Collaborative Approaches to the Archaeology of Political Violence: Rethinking the Caste War of Yucatan (1847-1901)
Tiffany C. Cain, PhD Candidate, Department of Anthropology at University of Pennsylvania
Thursday, April 6, 2017
Room 2009 Ruthven Museums Building Map
Conflict archaeology, which often focuses on a particular event of violent conflict or type of conflict-related site, would benefit from a theoretical and epistemological reorientation to the study of political violence. In this talk, Tiffany Cain defines political violence as the intersection of violent conflict with structural violence that creates conditions where different mechanisms of violence – both overt and covert – are at work, producing multiscalar material signatures that archaeologists would be apt to identify and unscramble. She builds on this by arguing for the interpretive value of civilian landscapes regarding past violence. These landscapes overlay violent conflict where structures of political and socioeconomic inequality and oppression have already embedded themselves. How does political violence impact civilian spaces and how can we rethink its consequences for everyday life? In this talk, she will present the preliminary findings of a collaborative heritage program, the Tihosuco Heritage Preservation and Community Development Project, that explores the postconflict landscapes of Quintana Roo, Mexico.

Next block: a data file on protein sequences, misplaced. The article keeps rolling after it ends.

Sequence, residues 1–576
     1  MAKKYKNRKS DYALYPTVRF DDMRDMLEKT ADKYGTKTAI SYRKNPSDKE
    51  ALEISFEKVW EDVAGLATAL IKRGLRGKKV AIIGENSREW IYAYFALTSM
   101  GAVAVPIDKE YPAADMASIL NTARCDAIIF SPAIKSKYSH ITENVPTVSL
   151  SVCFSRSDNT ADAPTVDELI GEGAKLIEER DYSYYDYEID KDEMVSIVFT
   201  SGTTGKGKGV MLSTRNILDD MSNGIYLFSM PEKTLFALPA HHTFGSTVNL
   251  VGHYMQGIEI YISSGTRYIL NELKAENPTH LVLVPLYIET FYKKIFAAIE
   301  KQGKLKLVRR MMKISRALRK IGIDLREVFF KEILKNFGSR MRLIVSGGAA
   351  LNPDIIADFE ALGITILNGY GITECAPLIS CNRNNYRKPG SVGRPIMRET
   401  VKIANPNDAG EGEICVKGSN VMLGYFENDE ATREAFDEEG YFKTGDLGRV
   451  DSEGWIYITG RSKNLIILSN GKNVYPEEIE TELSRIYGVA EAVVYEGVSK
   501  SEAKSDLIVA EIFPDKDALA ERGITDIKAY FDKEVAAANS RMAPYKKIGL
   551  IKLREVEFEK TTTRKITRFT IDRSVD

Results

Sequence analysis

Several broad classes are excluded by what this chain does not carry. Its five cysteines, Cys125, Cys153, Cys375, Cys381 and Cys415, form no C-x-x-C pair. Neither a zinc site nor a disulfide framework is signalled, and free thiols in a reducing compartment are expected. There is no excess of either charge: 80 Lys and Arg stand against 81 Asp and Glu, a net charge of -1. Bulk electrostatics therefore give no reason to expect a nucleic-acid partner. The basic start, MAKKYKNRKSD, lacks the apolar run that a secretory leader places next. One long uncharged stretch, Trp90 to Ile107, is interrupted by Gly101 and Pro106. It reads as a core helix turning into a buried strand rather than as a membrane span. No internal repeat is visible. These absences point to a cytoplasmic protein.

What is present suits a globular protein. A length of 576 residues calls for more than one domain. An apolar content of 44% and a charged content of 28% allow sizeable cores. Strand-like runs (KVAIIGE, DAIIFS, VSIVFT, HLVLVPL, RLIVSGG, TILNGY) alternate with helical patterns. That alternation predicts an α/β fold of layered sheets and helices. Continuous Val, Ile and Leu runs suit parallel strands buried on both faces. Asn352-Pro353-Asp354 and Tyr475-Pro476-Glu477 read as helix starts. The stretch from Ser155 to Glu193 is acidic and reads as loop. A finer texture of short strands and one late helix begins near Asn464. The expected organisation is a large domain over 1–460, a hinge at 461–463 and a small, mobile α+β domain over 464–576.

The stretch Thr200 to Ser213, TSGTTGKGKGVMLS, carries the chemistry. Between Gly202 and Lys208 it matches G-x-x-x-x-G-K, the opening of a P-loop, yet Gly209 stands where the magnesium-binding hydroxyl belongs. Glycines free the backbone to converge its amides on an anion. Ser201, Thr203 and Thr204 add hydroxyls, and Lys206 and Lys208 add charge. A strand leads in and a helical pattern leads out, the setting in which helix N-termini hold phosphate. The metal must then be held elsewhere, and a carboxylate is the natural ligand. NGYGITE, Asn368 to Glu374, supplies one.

|Building:||Ruthven Museums Building|
|Event Type:||Lecture / Discussion|
|Source:||Happening @ Michigan from Museum of Anthropological Archaeology|